Drocourt

I have been researching the clocks and lives of Pierre & Alfred Drocourt, and their families, for a number of years now and have unearthed information hitherto unknown which has greatly added to our knowledge of them, as well as debunking some previously held views and confirming others that were of uncertain origin. To read a summary of my work please go to the exhibition page and view the catalogue that was published to coincide with my 2014 Drocourt Exhibition of forty-plus clocks as well as revealing some of the previously unknown history of Drocourt. This research, along with that on the Jacot family, is still on-going and I would be most grateful to hear of any clocks by both Drocourt & Jacot to add to my database.

Price: On Application

Ref: 1417

Additional Images

Leigh Extence Fine Antique Clocks
Leigh Extence | 01395 268723 | 07967 802160 | email: leigh@extence.co.uk
Leigh Extence Fine Antique Clocks

Drocourt - A Grande-Sonnerie Carriage Clock with interesting Features

A   grande-sonnerie   carriage   clock   by   Alfred   Drocourt,   with   interesting   features   relative   to   the history of this fine maker. The    eight-day    duration    movement    has    a    silvered    platform    lever    escapement,    and    has grande-sonnerie   strike   in   which   it   strikes   the   hours   and   quarters   on   two   gongs,   with   each being   sounded   at   each   quarter.   To   the   underside   of   the   case   is   a   lever   allowing   for   full- striking     (grande-sonnerie);    striking    (petite-sonnerie,    with    the    quarters    sounding    at    each quarter   and   the   hour   just   on   the   hour),   or   silent.    The   backplate   is   stamped   with   the   Drocourt trademark   along   with   the   serial   number   19101,   with   the   gong   block   stamped   F.D.   for   the gong maker. The   gilded   masked   dial,   with   blued   steel   spade   hands,   is   most   interestingly   signed,   certainly within   the   context   of   the   history   of   Drocourt,   having   black   Roman   numerals   and   signed Drocourt,   28,   Rue   Debelleyme,   Paris,    with   the   number   28   struck   out   and   replaced   with   the number   31,   and   has   an   additional   31   at   the   end   to   balance   out   the   wording.   This   being significant   as   my   research   now   shows   that   Alfred   Drocourt   had   to   leave   his   long-standing workshops   at   number   28   prior   to   1908   with   a   move   further   along   the   street   to   much   smaller premises at number 31, where he was to stay for just a couple of years. The   silvered   and   gilded   bambu    case   is   also   significant   in   that   it   has   an   engraved   plaque   to the   underside   with   a   repeat   of   the   28,   Rue   Debelleyme    address,   and   where   again   the   number 28 has been struck through with tramlines and replaced with a well engraved number 31. The   original   leather   travelling   box   is   embossed   within   the   lid   with   gilded   details   showing   the address    for    Drocourt    as    31,    Rue    Debelleyme    and    referring    to    the    award    of    the    Hors Concours   at   the   Paris   Exposition   of   1900.   Alfred   Drocourt   was   not   able   to   receive   an   actual exhibitors medal at this exhibition as he was a member of the Classe 96 horological jury. That   this   clock   was   fitted   to   the   travelling   box   after   1900   is   apparent,   but   the   serial   number 19101   would   suggest   a   manufacturing   date   of   circa   1890.   My   research   would   indicate   that   in the   latter   years,   certainly   from   1900   onwards,   Drocourt   was   utilising   unused   ‘old   stock’   for his   finer   clocks   and   finishing   them   for   sale.   I   have   now   seen   at   least   five   examples   where   the dating   of   the   actual   clocks   are   some   ten   or   more   years   after   the   serial   numbers   would indicate   the   movements   were   first   manufactured.   That   this   striking-out   of   the   original   street number    was    not    a    one-off    is    indicated    by    another    grande-sonnerie    sold    by    Christies Auctioneers   in   1998   as   part   of   the   well-known   Dr   Eugene   &   Rose   Antelis   Collection   and where   Drocourt   serial   number   34831   is   shown   to   have   the   28   removed   from   the   address   on the   ivory   dial,   as   well   as   also   having   it   struck   through   on   the   engraved   plaque   to   the underside   of   the   base   to   make   the   street   number   replacement   in   an   identical   fashion. Another   example   is   serial   number   28978   (my   stock   number   1383)   which   has   the   address   on the   dial   as   28,   Rue   Debelleyme,   but   is   fitted   in   an   original   travelling   box   that   has   the   same embossed detail as shown on this example with the address shown as number 31. It   is   possible   that   the   sale   of   the   Drocourt   house   and   workshops   in   Saint-Nicolas-d’Aliermont in   1904,   and   from   where   all   the   blancs   roulants   originally   came   from,   severely   impacted   on the   business   as   it   is   now   known   that   he   had   the   majority   of   the   less-expensive   carriage clocks made elsewhere at this time. All most interesting and intriguing. Height: 7 1/4 inches (18.5 cms) handle up: 6 inches (15.5 cms) handle down Please click on images to enlarge: Any additional images are shown below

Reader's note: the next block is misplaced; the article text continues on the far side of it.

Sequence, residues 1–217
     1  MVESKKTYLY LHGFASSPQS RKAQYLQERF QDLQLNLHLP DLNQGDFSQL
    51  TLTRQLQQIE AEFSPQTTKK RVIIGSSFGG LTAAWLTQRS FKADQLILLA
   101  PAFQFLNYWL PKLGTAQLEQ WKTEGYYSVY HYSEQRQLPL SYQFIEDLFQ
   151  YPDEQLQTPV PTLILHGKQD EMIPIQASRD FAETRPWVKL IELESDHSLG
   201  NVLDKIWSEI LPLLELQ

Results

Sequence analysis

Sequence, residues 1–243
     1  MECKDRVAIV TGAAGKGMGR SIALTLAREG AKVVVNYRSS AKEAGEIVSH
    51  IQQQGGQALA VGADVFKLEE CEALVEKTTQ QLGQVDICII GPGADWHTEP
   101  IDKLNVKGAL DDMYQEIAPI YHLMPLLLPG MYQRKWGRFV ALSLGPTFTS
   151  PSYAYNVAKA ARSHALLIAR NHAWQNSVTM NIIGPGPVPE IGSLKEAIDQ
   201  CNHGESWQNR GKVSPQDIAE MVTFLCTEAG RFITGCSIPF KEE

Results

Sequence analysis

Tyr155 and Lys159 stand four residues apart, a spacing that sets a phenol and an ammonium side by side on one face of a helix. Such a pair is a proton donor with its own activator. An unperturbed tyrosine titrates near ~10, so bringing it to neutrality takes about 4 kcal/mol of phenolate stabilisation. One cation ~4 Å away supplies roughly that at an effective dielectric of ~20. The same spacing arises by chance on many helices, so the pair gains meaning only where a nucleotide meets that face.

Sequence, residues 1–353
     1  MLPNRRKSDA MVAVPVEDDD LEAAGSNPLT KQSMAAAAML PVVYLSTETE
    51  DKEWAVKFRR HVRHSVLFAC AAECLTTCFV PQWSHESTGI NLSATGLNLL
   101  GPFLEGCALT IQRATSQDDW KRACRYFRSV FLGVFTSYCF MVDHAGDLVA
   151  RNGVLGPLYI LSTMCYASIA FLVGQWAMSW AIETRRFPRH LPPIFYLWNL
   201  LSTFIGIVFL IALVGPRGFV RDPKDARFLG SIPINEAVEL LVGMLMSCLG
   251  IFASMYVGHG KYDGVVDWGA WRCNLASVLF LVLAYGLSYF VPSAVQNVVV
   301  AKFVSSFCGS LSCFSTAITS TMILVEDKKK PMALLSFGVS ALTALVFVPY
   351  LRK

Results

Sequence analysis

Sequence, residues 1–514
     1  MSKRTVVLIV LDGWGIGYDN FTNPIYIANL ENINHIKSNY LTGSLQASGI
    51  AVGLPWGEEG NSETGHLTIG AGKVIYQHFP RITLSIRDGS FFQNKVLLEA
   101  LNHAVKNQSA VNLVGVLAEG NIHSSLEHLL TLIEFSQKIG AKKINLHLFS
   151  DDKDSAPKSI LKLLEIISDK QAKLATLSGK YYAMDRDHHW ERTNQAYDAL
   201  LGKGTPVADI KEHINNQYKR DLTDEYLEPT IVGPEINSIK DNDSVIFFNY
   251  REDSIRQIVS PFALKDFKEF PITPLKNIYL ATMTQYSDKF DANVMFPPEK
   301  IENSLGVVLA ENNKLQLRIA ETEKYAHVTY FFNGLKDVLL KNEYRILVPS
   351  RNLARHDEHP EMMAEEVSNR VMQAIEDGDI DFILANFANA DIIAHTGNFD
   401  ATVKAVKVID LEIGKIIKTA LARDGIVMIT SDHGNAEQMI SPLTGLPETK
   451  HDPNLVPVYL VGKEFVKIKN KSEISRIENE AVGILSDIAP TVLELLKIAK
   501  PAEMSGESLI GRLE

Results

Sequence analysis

Drocourt

I   have   been   researching   the   clocks   and   lives   of   Pierre   &   Alfred   Drocourt,   and   their   families, for   a   number   of   years   now   and   have   unearthed   information   hitherto   unknown   which   has greatly   added   to   our   knowledge   of   them,   as   well   as   debunking   some   previously   held   views and confirming others that were of uncertain origin. To   read   a   summary   of   my   work   please   go   to   the   exhibition   page   and   view   the   catalogue   that was   published   to   coincide   with   my   2014   Drocourt   Exhibition   of   forty-plus   clocks   as   well   as revealing some of the previously unknown history of Drocourt. This   research,   along   with   that   on   the   Jacot   family,   is   still   on-going   and   I   would   be   most grateful to hear of any clocks by both Drocourt & Jacot to add to my database.

Price: On Application

Ref: 1417

Additional Images